The state's auto manufacturing industry has also seen strong growth in recent years. BMW has a strong presence in the state with more than 8,000 workers at its campus in Spartanburg. Volvo is also currently constructing a 2.3 million square-foot facility in Ridgeville and will produce 60,000 vehicles per year starting by the end of 2018. And Daimler is preparing to open a $500 million plant near Charleston to manufacturer its Mercedes-Benz Sprinter vans.
Racking up Miles
Despite its relatively small size, South Carolina has the fourth-largest state-maintained highway system in the nation with 41,444 miles of state highway. And the state's drivers are logging a lot of miles. The U.S. Department of Transportation Federal Highway Administration reports South Carolina drivers averaged 16,020 miles in 2015, considerably more than the U.S. national average of 14,425.
The trend is being driven by stronger economic growth. This puts more workers on the roads and driving greater distances. Economists forecast that the state's economy will grow 3.8 percent in 2017, nearly double the 2.1 percent forecasted growth rate of the national economy. In recent years, a national study ranked Greenville and Columbia as some of the most "sprawling" in the country.
From Sprawling Metros to Quiet Byways and Quaint Southern Towns
South Carolina is a small state with a total area of 32,000 miles, making it the 40th largest state in the nation, according to the U.S. Census Bureau. A number of major interstates pass through South Carolina, including Interstate 20, Interstate 95, and Interstate 26. And from the coastal areas around Charleston to the sprawling metro area of Greenville and the Blue Ridge mountains in the Northwestern part of the state, driving remains the best means of transportation.
Rapid growth in places like Greenville is putting more vehicles on the highway. The Census Bureau recently ranked it as the fourth-fastest growing city in the South with a growth rate of 5.8 percent. While traffic in the state's urban areas is relatively mild compared to other cities, congestion levels are increasing by an average of 4 percent, according to the TomTom Index.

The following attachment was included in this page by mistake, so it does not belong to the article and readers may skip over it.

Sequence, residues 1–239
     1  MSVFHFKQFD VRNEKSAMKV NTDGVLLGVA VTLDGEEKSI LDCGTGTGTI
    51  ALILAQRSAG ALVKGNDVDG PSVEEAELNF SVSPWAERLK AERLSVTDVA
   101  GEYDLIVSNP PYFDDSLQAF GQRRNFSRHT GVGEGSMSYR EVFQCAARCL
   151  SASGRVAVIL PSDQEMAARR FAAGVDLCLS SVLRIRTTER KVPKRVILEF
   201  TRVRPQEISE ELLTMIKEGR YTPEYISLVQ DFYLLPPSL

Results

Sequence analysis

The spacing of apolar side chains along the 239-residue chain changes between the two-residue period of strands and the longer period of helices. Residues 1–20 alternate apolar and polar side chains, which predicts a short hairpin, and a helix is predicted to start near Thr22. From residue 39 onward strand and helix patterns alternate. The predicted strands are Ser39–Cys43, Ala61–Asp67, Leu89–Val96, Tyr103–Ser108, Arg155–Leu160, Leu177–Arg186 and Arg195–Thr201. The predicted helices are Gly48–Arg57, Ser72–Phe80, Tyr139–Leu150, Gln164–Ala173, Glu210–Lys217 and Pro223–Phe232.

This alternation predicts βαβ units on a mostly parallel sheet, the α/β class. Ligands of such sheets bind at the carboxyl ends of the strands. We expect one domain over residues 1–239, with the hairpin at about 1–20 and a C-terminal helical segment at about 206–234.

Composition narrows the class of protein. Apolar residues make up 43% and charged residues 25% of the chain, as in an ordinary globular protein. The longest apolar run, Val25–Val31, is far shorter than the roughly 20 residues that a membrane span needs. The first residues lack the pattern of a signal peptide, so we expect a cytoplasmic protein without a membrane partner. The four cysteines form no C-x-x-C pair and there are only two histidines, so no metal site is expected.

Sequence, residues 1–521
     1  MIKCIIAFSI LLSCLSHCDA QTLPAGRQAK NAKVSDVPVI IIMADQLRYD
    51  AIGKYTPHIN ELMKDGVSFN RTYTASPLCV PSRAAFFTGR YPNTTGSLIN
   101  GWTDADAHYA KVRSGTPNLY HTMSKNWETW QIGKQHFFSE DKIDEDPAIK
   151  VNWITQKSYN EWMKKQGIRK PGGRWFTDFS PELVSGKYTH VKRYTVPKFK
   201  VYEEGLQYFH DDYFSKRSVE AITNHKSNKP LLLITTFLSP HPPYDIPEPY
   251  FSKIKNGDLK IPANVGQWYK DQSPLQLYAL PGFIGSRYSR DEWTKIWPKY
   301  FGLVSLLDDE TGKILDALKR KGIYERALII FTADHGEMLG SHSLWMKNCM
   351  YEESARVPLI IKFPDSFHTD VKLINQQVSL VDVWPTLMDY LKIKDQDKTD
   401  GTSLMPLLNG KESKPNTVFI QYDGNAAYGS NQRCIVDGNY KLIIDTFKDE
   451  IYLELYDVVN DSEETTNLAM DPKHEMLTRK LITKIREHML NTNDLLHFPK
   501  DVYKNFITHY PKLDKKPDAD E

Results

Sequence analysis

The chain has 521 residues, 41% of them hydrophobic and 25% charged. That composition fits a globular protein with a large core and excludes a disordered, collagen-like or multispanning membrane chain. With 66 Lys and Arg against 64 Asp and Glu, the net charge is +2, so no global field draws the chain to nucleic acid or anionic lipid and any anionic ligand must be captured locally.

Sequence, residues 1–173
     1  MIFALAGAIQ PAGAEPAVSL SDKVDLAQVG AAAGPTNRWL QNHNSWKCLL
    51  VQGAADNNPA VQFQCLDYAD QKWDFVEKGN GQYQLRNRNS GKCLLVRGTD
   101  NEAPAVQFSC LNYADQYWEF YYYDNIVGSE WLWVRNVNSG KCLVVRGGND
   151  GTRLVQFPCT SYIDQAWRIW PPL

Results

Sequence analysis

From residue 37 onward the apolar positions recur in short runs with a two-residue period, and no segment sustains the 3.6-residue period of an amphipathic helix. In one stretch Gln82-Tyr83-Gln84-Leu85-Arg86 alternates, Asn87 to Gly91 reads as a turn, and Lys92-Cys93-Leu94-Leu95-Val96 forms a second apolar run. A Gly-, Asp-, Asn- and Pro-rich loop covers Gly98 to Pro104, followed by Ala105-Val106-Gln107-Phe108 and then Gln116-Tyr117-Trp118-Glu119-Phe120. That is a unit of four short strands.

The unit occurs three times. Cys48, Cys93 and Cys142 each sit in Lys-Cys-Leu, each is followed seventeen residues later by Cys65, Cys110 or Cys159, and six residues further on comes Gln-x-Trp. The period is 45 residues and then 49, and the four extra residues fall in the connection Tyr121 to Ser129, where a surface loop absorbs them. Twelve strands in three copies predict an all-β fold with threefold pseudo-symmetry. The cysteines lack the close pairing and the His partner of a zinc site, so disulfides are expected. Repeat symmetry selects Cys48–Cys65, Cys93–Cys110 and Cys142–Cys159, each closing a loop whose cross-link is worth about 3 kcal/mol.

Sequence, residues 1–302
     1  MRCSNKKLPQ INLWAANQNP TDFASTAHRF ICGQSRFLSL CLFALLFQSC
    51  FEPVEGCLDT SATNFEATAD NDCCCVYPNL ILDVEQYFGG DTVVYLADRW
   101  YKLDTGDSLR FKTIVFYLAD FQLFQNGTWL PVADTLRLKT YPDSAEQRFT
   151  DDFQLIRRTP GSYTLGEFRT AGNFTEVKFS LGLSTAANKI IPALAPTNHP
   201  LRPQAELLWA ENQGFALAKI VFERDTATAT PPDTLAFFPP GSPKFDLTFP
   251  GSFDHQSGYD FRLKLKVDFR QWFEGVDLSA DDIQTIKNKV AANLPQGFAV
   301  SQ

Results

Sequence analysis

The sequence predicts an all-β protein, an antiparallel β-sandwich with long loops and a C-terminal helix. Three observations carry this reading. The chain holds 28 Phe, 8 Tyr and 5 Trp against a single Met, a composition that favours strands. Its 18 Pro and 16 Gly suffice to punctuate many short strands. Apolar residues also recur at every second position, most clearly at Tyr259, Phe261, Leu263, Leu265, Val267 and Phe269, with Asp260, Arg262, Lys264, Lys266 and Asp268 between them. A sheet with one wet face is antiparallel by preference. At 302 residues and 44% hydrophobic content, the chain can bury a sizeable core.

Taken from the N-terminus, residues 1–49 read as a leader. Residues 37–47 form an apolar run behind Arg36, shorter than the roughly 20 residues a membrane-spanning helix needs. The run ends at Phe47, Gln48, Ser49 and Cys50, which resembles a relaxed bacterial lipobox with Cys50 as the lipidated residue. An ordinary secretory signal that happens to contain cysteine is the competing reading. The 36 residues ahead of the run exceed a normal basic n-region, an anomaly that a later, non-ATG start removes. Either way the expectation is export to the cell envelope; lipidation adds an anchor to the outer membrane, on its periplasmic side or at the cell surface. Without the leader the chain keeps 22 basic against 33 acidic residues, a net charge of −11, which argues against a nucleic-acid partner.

Outside of its bustling urban areas, South Carolina is also home to more than 20 scenic byways with 450 miles of roads that wind through natural areas and past historic sites. Highway 11, also known as the Cherokee Foothills National Scenic Byway, winds its way 112 miles along the northwest corner of the state and skirts the peaks of the Blue Ridge Mountains.
Despite their charm, many of South Carolina's rural roads can be dangerous. The Insurance Institute for Highway Safety reports that 60 percent of the fatal accidents in the state in 2016 occurred on rural roads, a significantly higher rate than the 50 percent of fatalities nationwide that occur on rural roads. Bill Ross, executive director of the South Carolina Alliance to Fix Our Roads, said the roads are "just in horrible condition all across the state."
These poor road conditions could be a contributing factor to the high number of accidents in rural areas. Some roads are noted for large potholes, blind corners, untrimmed trees and poorly marked lines. The Reason Foundation found that in 2013, the latest year of data analyzed, South Carolina spent the least per state-maintained mile. Non-profit research association TRIP said that 29 percent of the state's roads are in poor condition while 35 percent are in mediocre condition.